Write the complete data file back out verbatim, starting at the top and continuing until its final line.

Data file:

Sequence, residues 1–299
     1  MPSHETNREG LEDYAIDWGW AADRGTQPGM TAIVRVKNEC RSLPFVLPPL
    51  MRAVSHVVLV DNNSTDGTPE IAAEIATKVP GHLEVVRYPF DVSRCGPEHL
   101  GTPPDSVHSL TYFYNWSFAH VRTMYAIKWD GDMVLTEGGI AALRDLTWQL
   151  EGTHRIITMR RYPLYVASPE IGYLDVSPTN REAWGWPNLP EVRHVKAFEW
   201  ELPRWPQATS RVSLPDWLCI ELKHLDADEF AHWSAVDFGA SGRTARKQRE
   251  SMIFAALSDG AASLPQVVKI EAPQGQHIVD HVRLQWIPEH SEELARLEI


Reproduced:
Sequence, residues 1–299
     1  MPSHETNREG LEDYAIDWGW AADRGTQPGM TAIVRVKNEC RSLPFVLPPL
    51  MRAVSHVVLV DNNSTDGTPE IAAEIATKVP GHLEVVRYPF DVSRCGPEHL
   101  GTPPDSVHSL TYFYNWSFAH VRTMYAIKWD GDMVLTEGGI AALRDLTWQL
   151  EGTHRIITMR RYPLYVASPE IGYLDVSPTN REAWGWPNLP EVRHVKAFEW
   201  ELPRWPQATS RVSLPDWLCI ELKHLDADEF AHWSAVDFGA SGRTARKQRE
   251  SMIFAALSDG AASLPQVVKI EAPQGQHIVD HVRLQWIPEH SEELARLEI